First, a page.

For a while, she thought she might retire. But then she had a conversation with her daughters about how to raise money to help women afford sanitary products and one said they should set up a social enterprise. “I was at that stage when I thought, oh I can just live a quiet life and garden in the summer, but one daughter said, ‘You’ve got capacity, you can do this.’ It is full-on but it’s phenomenally fulfilling.”

As a social enterprise, Hey Girl does not take a profit. Hodson and her team do not take salaries, though many of them have busy lives working other jobs and raising families. Hodson received some support through UnLtd, a lottery-funded charity that gives grants and training to social entrepreneurs, and the media trust which connected her to two young women who helped around social media for the launch.

They also tested the product with girls from around the country in a Pizza Hut. They discussed what products the girls used, how they felt about them and then tested pads they liked, taking stickers off and putting them on their jeans. Then they did the whole thing again with the name and the branding.

Those girls from the consultation now appear on the box. “When we all agreed it needs to have girls on the box we asked our volunteers and they said, ‘Oh no! I’m, not pretty enough.’ But we had a fantastic photographer who put everyone at ease.”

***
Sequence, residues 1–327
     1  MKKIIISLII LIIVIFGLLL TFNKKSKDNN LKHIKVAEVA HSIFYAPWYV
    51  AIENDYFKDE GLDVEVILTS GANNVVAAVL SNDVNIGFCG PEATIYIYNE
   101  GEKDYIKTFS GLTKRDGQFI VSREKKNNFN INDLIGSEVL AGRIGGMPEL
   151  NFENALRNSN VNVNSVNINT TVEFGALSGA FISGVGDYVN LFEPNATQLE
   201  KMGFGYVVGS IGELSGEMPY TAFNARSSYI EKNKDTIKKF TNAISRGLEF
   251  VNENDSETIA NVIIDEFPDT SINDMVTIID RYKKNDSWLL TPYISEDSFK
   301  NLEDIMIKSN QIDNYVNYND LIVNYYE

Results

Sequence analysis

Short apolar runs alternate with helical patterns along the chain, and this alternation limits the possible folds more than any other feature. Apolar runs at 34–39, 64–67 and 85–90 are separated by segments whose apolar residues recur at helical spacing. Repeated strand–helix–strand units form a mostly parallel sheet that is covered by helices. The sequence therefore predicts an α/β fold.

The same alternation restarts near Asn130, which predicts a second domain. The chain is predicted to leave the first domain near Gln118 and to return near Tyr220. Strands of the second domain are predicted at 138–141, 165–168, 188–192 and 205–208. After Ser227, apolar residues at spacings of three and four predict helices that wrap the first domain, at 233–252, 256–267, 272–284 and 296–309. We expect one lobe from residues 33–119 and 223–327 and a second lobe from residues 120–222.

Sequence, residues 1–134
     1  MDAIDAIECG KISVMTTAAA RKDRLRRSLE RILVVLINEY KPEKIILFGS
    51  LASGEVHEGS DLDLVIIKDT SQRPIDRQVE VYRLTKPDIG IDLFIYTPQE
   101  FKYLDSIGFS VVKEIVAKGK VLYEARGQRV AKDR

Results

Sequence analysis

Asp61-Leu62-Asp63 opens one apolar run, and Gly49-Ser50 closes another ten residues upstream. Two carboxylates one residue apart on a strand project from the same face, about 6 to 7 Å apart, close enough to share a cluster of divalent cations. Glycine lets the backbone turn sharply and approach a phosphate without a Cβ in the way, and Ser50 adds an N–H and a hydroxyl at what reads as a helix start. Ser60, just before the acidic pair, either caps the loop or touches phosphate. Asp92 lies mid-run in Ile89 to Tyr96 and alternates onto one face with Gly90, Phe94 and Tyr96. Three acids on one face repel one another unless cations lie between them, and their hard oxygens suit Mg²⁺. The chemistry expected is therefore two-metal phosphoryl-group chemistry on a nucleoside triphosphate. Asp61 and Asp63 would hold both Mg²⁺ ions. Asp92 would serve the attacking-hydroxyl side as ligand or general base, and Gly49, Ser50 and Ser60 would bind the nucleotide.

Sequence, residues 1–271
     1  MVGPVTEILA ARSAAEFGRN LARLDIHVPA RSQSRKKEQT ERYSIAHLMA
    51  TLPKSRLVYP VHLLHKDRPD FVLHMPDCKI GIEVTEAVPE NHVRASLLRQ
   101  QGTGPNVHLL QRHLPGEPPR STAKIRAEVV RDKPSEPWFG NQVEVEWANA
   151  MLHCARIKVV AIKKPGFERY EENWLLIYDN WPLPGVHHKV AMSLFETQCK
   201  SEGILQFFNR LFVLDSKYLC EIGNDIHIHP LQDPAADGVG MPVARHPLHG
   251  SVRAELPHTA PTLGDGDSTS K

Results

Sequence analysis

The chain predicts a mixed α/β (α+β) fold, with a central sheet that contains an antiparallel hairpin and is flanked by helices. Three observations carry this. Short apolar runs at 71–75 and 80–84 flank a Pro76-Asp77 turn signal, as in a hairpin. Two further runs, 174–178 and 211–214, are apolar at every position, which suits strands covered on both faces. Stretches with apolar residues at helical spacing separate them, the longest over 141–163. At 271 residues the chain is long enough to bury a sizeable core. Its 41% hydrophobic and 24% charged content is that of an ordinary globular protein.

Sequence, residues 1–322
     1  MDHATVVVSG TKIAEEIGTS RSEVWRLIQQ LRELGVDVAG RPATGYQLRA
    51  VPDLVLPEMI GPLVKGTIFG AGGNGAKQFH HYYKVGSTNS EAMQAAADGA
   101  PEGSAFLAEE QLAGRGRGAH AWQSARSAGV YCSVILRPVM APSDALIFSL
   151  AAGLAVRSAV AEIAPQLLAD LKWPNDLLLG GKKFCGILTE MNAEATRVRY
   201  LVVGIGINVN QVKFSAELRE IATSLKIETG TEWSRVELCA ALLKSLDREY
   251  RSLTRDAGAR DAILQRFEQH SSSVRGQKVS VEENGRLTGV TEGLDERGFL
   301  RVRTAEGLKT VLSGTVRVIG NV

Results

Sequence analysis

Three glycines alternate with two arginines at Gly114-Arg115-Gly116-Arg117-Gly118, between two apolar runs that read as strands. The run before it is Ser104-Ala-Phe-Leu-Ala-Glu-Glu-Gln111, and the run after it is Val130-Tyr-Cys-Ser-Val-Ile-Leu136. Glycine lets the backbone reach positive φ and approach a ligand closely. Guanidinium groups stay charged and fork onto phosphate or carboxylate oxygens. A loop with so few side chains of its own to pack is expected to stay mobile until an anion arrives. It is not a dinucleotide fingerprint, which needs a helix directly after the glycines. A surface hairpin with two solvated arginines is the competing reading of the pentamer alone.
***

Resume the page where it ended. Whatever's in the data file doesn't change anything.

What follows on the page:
Hey Girls is now in talks with retailers, including supermarkets. Some councils are purchasing the product for schools, replacing other more expensive contracts with commercial brands. Hodson and her team are also looking at producing a package to fit in vending machines and ways to break up the bigger packets into pick-and-mix bags of one or two towels to distribute when someone is caught short.

The pads are made in China out of bamboo and corn starch, to make sure they are biodegradable and more natural than bleached cotton fibre products. While supermarkets are interested, Hodson says she has been learning a lot about how shelf hierarchy works – with the biggest brands getting shelf space at the eye level of the customer.

Hey Girls will need that kind of scale to even begin to tackle the severity of the problem of period poverty in the UK. “If some of the big players could do buy one give one – and they could do it in a heartbeat – they could have a bigger impact. If they did, there would be no need for Hey Girls.”

I ask her who she means. “Bodyform could do it,” she says. “But they won’t, because they have to make a profit. That’s why social enterprises exist: in the gaps where private business is not operating; where it’s too difficult, or not profit-making.”

Hodson says the Government also has a role beyond cutting tax on sanitary products. “The tampon tax is a bit of smoke and mirrors,” she says. “In Scotland we were talking about putting free vending machines in public toilets – but it still costs 40p to use a public toilet in Scotland.”

Instead, the Government needs to have more conversations with people in poverty about what would help, Hodson says: “When I was bringing up my children, you don’t want to talk about how hard your life is because you’re living on a knife edge and you’re just trying to cope. There needs to be more listening happening.”